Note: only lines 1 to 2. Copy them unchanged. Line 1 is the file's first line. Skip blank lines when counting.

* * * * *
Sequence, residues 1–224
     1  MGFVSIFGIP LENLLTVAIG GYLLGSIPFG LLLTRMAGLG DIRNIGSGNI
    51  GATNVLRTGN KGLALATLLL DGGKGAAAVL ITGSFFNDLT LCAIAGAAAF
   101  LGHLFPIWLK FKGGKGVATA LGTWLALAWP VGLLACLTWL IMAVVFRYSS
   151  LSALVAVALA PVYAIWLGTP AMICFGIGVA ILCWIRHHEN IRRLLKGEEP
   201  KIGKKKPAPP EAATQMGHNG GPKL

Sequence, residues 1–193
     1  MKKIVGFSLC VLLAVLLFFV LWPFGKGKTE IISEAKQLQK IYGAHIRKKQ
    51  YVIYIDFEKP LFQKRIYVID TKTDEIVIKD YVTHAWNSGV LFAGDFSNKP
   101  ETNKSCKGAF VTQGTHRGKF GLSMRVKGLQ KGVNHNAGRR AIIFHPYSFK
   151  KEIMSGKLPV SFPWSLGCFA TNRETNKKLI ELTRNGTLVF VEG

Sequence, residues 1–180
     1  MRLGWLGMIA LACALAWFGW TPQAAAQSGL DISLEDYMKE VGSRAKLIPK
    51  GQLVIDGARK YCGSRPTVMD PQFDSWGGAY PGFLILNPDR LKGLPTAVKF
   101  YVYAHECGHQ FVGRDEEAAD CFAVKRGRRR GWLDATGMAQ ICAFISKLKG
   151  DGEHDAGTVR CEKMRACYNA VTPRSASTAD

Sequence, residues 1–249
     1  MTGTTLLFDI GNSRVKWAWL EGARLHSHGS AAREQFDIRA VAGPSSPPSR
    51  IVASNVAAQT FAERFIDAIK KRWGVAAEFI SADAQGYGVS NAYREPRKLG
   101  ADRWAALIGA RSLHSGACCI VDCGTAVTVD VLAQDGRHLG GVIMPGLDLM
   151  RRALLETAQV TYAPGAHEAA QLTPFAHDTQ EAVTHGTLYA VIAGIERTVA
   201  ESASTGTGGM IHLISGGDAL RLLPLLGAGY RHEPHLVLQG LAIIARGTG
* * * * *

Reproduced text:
Sequence, residues 1–224
     1  MGFVSIFGIP LENLLTVAIG GYLLGSIPFG LLLTRMAGLG DIRNIGSGNI